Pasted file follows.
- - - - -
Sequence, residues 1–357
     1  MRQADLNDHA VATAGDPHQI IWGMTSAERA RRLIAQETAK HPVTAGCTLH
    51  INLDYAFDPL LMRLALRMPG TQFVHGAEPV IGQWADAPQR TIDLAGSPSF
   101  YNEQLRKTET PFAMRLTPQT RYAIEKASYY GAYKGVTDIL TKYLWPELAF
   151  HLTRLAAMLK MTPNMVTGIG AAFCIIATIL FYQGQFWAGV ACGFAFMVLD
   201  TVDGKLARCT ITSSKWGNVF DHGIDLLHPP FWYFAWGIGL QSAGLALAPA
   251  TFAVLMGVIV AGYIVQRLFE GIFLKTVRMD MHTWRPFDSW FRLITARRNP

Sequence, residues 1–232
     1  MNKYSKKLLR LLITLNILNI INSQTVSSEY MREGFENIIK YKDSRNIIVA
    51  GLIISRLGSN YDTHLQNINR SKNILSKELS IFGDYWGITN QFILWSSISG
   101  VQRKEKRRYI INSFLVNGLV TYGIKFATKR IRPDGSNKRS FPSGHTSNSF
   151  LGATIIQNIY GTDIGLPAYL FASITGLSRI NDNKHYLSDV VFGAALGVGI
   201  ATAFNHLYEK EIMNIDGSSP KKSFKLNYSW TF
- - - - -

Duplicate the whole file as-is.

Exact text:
Sequence, residues 1–357
     1  MRQADLNDHA VATAGDPHQI IWGMTSAERA RRLIAQETAK HPVTAGCTLH
    51  INLDYAFDPL LMRLALRMPG TQFVHGAEPV IGQWADAPQR TIDLAGSPSF
   101  YNEQLRKTET PFAMRLTPQT RYAIEKASYY GAYKGVTDIL TKYLWPELAF
   151  HLTRLAAMLK MTPNMVTGIG AAFCIIATIL FYQGQFWAGV ACGFAFMVLD
   201  TVDGKLARCT ITSSKWGNVF DHGIDLLHPP FWYFAWGIGL QSAGLALAPA
   251  TFAVLMGVIV AGYIVQRLFE GIFLKTVRMD MHTWRPFDSW FRLITARRNP

Sequence, residues 1–232
     1  MNKYSKKLLR LLITLNILNI INSQTVSSEY MREGFENIIK YKDSRNIIVA
    51  GLIISRLGSN YDTHLQNINR SKNILSKELS IFGDYWGITN QFILWSSISG
   101  VQRKEKRRYI INSFLVNGLV TYGIKFATKR IRPDGSNKRS FPSGHTSNSF
   151  LGATIIQNIY GTDIGLPAYL FASITGLSRI NDNKHYLSDV VFGAALGVGI
   201  ATAFNHLYEK EIMNIDGSSP KKSFKLNYSW TF